Awesome! This descent into the mind of an Orc mother is very well done, compelling, and a treat to read. I love the way you give us the view of the Orcs of their enemies, and how they would see their own lords and the Ringwar. I also loved the curse regarding Shelob, and what it tells about the view of that Orc society of her. Very well done! Thank you for this! It will stay with me for a long tme!
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Marta - 26 Nov 05 - 12:42 PM
Ch. 1: Enmities
You know, it's almost becoming "chic" to write stories that make the bad guys more successful; it's good because it forces people to crawl out of their box and think about issues both Middle-earth-related and tied to our own world from a different perspective. But there's always this danger that so many fall into, of making the other guys too much like us. An orc's head is a scary place to be, and I think we do him (or her, in this case) a big disservice when we say that the only way their culture is worth our interest isw when they are so similar to us that the differences in their actions are external rather than internal.
What I'm trying to say is, if you plucked Glorfindel from Rivendell and plopped him down in a work detail on the Gorgoroth plains, I don't think he'd behave in the same way as an orc. Even after a few centuries. There's something fundamentally different between our heroes and the villains, and you captured that so well here!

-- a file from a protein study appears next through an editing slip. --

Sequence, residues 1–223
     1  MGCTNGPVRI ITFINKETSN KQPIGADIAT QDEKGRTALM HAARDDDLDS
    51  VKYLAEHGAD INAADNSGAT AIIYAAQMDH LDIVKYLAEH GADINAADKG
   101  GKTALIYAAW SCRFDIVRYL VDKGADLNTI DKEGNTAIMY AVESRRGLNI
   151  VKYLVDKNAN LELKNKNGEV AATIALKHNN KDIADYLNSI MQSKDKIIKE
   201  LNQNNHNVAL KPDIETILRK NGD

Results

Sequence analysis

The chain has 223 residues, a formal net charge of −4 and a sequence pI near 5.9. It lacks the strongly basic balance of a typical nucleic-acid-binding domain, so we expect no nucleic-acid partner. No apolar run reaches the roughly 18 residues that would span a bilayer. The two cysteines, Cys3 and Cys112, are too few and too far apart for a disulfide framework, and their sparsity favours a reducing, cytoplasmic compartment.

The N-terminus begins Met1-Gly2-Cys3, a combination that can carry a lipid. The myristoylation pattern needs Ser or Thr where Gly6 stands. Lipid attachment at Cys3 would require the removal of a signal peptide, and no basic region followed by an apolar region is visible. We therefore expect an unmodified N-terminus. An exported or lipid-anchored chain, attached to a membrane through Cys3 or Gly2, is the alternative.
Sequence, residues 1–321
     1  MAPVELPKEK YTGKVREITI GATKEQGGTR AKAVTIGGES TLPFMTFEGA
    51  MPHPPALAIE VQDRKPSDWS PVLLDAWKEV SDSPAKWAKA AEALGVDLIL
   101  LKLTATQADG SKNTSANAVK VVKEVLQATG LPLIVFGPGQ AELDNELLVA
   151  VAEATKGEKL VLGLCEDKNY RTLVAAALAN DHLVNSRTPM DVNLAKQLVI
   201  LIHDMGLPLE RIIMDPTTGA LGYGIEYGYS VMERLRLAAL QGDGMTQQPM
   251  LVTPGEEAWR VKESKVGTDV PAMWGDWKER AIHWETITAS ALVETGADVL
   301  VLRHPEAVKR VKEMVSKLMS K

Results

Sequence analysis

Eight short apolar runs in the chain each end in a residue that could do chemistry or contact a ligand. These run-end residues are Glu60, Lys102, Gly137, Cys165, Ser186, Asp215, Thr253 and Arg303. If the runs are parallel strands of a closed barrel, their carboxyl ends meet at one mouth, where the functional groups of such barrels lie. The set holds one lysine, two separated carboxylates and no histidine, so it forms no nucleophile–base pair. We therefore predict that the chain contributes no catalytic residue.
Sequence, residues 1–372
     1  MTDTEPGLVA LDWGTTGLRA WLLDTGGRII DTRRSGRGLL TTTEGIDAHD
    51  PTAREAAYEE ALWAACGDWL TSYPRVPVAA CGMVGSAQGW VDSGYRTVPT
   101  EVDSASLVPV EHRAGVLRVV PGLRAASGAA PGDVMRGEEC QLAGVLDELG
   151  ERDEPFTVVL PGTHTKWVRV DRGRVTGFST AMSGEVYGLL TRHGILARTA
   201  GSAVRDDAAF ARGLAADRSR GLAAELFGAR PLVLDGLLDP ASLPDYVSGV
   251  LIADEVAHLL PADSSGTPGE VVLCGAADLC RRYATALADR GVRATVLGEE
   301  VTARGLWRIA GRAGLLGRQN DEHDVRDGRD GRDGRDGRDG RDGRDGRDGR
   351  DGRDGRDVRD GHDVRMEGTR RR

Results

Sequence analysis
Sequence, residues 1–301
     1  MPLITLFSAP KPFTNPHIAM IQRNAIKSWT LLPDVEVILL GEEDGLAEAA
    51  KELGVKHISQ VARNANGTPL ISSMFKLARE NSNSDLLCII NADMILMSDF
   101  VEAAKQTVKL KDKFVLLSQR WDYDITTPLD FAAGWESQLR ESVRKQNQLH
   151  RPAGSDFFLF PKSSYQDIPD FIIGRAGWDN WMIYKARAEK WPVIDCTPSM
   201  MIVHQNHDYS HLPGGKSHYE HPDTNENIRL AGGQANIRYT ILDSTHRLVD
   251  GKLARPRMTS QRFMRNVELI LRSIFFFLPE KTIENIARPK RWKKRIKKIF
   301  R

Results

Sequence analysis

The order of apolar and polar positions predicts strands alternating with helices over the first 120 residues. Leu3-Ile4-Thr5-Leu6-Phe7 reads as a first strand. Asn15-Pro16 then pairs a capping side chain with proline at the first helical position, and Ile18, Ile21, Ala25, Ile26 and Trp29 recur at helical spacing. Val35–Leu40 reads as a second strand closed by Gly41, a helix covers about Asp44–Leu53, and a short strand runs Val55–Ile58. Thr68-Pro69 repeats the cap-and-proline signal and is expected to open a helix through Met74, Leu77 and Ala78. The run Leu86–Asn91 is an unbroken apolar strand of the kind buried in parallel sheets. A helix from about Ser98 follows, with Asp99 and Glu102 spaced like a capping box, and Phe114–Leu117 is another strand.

Beyond that, I noticed two new things on my latest read of "Enmities". The first was about Shelob. The fact that this orc (or warg - I wasn't quite sure, and that made the story even more powerful) didn't know that Sheloob still lives really struck me. Evil wasn't omnipotent, and they don't have their ducks in a row any more than the average Rohir or Gondorian.
That really affected me, as did her apparent deisapproval of Shelob's games. That was the second thing that affected me strongly about this story. It seems that even Drukh has a sense of honour of sorts, that a warrior deserves to be dealt with plainly and not belittled. But at the same time it's a completely different code that guides her thinking than what we might see from a man or elf of the west. It's a far cry from Faramir's "I would not snare even an orc with a lie".
Oh, one tiny quibble and I really will stop. (Sorrry to gush....) I can't remember if I mentioned this in your MEFA reviews, but the fact that the Dead come up to Pelennor threw mefor a bit of a loop. That's movieverse, and I think you may want to either warn that this story is movieverse, or else change that to men from the west side of the river instead of the east side. I think it could be done fairly easily if you choose to take that route. And if I *have* already mentioned that and you just haven't gotten around to it, I apologise in advance for being a pest.
Anyway, this is really long for a "quick comment"! But this is probably my favourite piece about a villain, certainly of its length. Very, VERY well done, Amanda!
Go to Enmities